Pittsburgh Zoo & PPG Aquarium is seeing spots. Four cheetahs’ worth of spots, to be exact.
The cheetahs — two males and two females born on a ranch in South Africa a year and a half ago — arrived at the Highland Park zoo in mid-December. The zoo’s hope is that the animals prove to be genetically different from the current captive population in North America, which could be a boon for breeding efforts.
“That is huge, to bring in new genetic bloodlines for such a critically endangered species,” Ginger Sturgeon, director of animal health at the zoo, said today. According to the Cheetah Conservation Fund, about 10,000 cheetahs, mostly distributed throughout Africa, remain in the wild.
Increasing diversity among the species, which can produce healthier animals, is an important goal for both cheetahs in captivity and in the wild, since the big cats are at risk for developing ailments such as kidney and liver disease, Ms. Sturgeon said.
“Cheetahs are at risk for developing many diseases,” she said. “That is thought to be due to the natural bottleneck of the population in the wild, where related cheetahs were having to breed with other related cheetahs because there were so few cheetahs in the world.”
The zoo’s goal is that their new cheetahs will produce young who can be sent to other zoos for breeding and increase the genetic diversity throughout the continent.
That is the plan for the future. For now, the four cheetahs — none of whom have been given names, though they may be named in the future — are acclimating to their new environment, currently living in space located within the zoo’s Animal Care Center. The zoo’s policy is that all new animals complete a minimum 30-day quarantine period.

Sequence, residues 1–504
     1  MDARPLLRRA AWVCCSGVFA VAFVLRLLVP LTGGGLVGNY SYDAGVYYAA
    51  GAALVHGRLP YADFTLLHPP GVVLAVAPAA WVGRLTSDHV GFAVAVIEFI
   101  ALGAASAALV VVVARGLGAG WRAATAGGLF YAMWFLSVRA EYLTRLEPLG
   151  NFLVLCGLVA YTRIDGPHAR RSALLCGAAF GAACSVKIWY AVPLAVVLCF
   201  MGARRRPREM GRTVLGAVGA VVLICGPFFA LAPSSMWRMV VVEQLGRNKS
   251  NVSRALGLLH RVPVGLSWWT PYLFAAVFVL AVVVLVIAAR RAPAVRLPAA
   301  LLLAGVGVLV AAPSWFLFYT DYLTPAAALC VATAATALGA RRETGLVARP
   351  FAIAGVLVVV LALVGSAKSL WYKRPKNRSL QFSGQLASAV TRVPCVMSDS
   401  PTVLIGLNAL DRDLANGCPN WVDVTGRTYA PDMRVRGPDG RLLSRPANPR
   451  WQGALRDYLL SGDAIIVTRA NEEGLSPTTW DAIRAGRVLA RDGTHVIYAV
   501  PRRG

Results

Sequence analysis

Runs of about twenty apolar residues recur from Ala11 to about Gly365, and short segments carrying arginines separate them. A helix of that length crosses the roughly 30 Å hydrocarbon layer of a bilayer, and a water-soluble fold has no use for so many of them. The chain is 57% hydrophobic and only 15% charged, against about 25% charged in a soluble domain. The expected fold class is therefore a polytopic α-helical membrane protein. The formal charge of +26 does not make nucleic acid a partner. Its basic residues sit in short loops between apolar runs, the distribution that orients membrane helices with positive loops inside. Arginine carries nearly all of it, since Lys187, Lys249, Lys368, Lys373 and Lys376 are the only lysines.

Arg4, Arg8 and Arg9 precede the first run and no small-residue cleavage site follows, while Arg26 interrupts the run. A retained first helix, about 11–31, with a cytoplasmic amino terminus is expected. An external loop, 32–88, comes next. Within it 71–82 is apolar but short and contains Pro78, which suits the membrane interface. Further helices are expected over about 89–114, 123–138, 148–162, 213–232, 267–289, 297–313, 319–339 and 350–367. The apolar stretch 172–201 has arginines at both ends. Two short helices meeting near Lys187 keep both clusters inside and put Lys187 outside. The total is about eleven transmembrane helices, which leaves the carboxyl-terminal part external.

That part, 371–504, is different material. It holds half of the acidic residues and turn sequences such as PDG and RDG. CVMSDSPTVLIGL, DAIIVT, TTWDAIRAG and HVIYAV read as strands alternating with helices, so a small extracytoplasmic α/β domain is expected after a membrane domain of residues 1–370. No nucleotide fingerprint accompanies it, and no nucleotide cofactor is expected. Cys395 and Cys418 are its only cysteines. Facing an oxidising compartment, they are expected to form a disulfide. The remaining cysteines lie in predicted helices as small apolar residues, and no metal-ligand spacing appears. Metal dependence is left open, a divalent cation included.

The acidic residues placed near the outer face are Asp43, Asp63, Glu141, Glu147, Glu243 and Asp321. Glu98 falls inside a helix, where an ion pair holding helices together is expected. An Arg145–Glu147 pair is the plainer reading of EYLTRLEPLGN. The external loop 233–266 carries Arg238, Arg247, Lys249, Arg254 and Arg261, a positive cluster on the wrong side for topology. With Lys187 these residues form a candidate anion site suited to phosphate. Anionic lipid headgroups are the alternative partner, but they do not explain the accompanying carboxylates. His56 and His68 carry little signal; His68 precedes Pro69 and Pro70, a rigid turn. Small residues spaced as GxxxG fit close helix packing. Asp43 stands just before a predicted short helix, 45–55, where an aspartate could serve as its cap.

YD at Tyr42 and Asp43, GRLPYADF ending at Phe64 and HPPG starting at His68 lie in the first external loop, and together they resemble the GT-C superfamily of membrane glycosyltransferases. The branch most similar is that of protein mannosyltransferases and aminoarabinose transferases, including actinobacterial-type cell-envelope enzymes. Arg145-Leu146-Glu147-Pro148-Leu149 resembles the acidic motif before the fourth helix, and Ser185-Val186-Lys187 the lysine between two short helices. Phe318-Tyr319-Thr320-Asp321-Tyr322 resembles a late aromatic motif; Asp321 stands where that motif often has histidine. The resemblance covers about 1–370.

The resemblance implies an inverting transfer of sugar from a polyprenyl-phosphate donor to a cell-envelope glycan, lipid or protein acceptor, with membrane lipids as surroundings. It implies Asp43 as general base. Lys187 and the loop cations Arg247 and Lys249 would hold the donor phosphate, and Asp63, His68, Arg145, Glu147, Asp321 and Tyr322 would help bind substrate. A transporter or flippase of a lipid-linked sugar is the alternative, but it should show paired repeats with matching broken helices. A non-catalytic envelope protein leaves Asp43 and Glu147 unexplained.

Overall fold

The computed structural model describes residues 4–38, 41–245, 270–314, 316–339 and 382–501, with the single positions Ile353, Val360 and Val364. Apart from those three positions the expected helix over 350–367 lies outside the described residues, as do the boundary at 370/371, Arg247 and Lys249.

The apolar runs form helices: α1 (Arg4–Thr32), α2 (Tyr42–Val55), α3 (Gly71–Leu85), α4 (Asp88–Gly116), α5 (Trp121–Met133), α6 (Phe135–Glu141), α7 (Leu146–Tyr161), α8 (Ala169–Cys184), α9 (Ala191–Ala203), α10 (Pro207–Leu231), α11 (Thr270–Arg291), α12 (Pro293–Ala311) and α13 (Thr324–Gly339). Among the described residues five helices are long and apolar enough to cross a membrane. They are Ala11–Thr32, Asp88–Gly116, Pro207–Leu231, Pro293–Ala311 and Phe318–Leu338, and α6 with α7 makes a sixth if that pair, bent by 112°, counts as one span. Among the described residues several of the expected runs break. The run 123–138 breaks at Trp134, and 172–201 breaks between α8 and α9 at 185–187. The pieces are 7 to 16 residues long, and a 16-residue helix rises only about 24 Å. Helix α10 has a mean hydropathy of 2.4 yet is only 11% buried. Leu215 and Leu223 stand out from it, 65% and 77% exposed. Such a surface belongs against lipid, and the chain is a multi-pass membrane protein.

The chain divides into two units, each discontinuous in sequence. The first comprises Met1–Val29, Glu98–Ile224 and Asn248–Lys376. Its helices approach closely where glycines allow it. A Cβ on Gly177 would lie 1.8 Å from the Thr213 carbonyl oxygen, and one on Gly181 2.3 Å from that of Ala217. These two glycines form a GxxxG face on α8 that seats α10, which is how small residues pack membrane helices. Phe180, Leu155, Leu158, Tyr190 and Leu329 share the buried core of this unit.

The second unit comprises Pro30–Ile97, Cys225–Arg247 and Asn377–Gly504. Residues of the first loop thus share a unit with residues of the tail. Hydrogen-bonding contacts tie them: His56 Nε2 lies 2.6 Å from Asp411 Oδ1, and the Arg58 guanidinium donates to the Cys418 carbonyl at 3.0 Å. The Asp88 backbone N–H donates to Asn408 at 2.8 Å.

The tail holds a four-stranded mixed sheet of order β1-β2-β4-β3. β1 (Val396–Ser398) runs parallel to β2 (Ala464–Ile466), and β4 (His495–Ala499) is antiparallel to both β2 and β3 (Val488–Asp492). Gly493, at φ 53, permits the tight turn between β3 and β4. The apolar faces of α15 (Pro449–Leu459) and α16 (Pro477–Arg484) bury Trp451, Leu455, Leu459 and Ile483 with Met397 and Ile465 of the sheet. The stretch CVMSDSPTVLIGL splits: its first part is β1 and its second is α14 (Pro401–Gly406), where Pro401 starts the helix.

New animals also undergo a comprehensive physical. Today, although the zoo was closed to visitors due to the cold, the Animal Care Center was open.
On an examining table, Ms. Sturgeon and her staff examined one of the new cheetahs, a 90-pound male who was anesthetized so the health team could run tests including an abdominal ultrasound, a cardiogram, X-rays and a skin biopsy.
“Pretty much everything that your small animal veterinarian would do with a dog or cat, we look for in the cheetahs as well,” she said. Much of the examination is to provide the health staff with “baseline measurements” as they monitor each cheetah’s health in the future.
The skin biopsy will provide the DNA sample that will help the zoo determine whether the cheetahs are genetically different enough from the North American captive cheetah population, and from each other, to contribute to their breeding goals for the new animals.
Sometime this spring, the cheetahs will move into their new home, potentially joining the zoo’s other cheetah, an older female, in the exhibit known as Cheetah Valley. The space formerly housed African painted dogs, but the dogs were removed after they killed a 2-year-old Whitehall boy who fell in the exhibit in November 2012.
Kaitlynn Riely: firstname.lastname@example.org or 412-263-1707.